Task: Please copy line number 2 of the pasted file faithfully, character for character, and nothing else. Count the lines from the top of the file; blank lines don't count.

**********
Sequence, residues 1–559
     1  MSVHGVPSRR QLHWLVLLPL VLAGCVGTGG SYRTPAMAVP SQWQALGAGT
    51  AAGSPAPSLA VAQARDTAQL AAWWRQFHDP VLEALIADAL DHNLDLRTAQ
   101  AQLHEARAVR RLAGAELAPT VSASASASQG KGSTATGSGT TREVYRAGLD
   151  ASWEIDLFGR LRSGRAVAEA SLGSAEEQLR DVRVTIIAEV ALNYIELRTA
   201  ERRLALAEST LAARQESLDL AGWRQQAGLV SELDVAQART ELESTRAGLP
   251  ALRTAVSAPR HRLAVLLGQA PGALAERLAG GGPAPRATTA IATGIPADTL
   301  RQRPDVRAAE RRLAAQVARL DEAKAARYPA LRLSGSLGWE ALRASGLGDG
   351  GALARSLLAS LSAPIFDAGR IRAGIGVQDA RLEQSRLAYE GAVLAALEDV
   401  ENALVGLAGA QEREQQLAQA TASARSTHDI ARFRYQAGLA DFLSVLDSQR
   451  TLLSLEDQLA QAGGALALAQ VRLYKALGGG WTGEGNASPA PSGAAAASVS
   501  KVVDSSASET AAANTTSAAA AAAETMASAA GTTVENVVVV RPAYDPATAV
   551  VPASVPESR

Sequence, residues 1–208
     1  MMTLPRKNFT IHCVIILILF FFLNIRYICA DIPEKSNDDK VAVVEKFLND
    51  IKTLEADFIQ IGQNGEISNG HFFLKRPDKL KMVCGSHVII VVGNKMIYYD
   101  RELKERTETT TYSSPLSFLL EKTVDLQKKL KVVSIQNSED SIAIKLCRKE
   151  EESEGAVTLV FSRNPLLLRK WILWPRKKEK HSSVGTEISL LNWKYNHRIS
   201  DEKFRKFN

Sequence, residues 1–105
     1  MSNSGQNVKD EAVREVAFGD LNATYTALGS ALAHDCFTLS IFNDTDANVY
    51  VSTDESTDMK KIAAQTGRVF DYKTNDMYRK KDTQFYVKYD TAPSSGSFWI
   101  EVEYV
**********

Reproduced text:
     1  MSVHGVPSRR QLHWLVLLPL VLAGCVGTGG SYRTPAMAVP SQWQALGAGT